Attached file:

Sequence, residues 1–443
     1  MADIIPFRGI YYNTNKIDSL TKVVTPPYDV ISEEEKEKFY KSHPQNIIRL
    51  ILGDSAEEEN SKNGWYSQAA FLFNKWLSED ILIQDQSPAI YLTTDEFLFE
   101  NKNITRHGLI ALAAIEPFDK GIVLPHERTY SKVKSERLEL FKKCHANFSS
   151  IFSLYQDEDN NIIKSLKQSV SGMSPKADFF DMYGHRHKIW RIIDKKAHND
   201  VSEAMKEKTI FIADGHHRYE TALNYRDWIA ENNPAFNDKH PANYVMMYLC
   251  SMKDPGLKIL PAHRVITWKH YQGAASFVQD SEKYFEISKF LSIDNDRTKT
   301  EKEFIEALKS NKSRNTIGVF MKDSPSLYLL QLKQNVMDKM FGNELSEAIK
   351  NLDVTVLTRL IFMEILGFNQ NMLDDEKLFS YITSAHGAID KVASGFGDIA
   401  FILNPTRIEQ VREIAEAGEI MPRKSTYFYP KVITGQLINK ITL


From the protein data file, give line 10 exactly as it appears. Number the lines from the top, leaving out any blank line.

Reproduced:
   401  FILNPTRIEQ VREIAEAGEI MPRKSTYFYP KVITGQLINK ITL